A couple of decades later, though, Smallwood told a very different story. According to Cabot Martin’s 1996 telling of the tale, Smallwood had told Martin of a meeting between Smallwood and then-Prime Minister Lester Pearson in 1964. They discussed the corridor. Pearson asked Smallwood not make the request. The situation in Quebec, then somewhat tense, would only get worse. Smallwood magnanimously agreed to Pearson’s request, even at the ultimate cost to Newfoundland and Labrador.
There’s no reason to doubt Martin’s story in any aspect. Smallwood likely told him precisely that version of events. There’s also no doubt that a great many people have been ready to accept that account wholly and completely. For them, the story confirms their own belief that Confederation has cost Newfoundland at every turn. It lines up perfectly with their anti-Confederate predisposition.
There’s just one problem. None of it actually happened. Economist James Feehan published a short research note on the issue in the summer 2011 edition of Acadiensis. After reviewing contemporary documents, Feehan concluded that there “is no corroborating evidence that at the time the Newfoundlandgovernment ever tried to convince the federal government to use Parliament’s declaratory power to create a power corridor through Quebec. Newfoundland made no formal request for a parliamentary declaration that would allow the federal government to take over the project, nor would such a request have obligated the federal government to act, and there is no evidence that Smallwood, as much as he resented Lesage’s position, ever seriously contemplated such action.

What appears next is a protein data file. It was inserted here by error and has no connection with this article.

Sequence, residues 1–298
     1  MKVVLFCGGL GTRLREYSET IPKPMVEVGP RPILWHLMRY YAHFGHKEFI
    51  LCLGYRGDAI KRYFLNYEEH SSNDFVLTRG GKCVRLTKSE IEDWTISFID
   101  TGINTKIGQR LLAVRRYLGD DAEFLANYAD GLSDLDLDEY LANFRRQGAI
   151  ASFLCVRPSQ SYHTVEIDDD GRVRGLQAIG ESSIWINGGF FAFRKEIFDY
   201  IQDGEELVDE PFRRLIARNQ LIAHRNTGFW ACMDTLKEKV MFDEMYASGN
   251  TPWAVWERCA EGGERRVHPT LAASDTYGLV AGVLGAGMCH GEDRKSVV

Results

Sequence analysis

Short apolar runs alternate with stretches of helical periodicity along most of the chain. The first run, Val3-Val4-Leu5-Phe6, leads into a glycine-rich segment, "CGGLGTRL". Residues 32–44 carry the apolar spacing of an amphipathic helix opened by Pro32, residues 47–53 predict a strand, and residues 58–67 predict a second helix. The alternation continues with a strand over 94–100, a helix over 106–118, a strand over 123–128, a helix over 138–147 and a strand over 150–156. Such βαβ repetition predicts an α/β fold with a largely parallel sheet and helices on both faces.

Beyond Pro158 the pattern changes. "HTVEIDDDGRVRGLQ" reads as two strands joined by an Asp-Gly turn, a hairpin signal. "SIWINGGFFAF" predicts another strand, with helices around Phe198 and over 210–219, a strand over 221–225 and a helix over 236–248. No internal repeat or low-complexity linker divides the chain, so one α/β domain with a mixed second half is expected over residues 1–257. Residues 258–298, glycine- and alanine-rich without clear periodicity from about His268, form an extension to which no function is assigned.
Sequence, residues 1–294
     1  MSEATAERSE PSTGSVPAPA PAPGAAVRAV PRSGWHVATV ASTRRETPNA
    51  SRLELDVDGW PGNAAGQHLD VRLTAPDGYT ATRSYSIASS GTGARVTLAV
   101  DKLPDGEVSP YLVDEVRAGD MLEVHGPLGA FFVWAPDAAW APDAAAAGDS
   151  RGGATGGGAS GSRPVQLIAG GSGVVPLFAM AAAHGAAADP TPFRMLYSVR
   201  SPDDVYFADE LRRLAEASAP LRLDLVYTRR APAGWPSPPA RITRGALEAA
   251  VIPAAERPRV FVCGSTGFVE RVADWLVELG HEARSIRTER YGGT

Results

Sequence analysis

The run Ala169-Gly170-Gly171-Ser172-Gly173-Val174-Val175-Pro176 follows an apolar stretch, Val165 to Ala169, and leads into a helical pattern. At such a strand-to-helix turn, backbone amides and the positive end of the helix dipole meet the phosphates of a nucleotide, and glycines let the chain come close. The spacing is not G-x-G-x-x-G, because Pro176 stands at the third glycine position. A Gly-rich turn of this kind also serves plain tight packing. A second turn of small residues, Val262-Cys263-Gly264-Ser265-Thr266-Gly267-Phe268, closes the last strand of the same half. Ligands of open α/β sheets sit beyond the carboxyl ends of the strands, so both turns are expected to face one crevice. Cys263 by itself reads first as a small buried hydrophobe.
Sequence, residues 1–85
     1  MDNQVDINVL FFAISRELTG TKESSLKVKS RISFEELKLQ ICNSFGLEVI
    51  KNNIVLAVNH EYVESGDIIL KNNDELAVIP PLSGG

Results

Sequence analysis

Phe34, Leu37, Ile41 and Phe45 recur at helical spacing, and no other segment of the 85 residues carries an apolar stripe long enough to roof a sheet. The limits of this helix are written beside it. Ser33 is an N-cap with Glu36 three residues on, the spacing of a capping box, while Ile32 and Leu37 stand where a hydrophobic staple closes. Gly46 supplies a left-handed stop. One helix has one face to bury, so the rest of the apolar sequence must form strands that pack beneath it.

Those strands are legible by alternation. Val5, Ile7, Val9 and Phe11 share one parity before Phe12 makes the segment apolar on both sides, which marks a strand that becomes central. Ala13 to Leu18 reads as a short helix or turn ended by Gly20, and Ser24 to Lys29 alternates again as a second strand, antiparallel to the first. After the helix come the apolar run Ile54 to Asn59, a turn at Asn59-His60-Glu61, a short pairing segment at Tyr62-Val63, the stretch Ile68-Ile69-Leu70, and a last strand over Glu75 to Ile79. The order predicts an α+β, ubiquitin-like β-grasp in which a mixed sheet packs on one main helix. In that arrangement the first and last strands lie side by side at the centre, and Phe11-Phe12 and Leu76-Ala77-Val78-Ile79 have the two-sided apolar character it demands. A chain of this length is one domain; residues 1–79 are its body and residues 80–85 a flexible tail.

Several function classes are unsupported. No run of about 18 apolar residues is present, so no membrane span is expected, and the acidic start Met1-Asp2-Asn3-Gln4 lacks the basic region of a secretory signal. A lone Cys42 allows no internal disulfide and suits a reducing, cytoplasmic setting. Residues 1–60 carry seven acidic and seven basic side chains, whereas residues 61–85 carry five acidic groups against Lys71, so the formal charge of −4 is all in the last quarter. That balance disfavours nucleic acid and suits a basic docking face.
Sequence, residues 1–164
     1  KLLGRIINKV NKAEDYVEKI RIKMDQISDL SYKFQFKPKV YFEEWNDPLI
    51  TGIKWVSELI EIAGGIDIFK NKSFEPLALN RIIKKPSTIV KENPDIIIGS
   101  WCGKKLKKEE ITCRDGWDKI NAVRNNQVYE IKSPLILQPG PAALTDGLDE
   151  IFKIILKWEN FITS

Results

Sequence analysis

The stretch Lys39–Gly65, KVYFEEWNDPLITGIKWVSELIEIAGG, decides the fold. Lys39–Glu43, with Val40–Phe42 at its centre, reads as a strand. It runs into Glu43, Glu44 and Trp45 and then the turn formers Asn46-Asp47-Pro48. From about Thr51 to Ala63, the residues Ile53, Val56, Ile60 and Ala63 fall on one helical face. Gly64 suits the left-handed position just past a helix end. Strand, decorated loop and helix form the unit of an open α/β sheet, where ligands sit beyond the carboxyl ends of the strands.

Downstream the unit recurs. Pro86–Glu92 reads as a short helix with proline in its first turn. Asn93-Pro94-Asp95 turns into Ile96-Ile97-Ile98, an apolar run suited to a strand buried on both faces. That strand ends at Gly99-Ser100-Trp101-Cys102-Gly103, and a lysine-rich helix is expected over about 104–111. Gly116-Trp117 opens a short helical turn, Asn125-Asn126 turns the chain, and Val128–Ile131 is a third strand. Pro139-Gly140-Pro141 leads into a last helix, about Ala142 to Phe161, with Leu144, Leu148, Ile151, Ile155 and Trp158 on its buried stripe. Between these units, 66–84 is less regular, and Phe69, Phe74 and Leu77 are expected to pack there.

“In September 1966, Smallwood did threaten to make such a request to the federal government. However, that was a short-lived tactic. He used the threat of a request to pressure the Quebecgovernment to agree to Hydro-Quebec’s request that it authorize the letter of intent. Finally, and very importantly, there is the story that Pearson asked Smallwood, for the good of Canada, not to request the federal government to seek a parliamentary declaration. Despite its powerful imagery and its on-going influence on Newfoundlandpolitical culture, that story is no more than a legend.”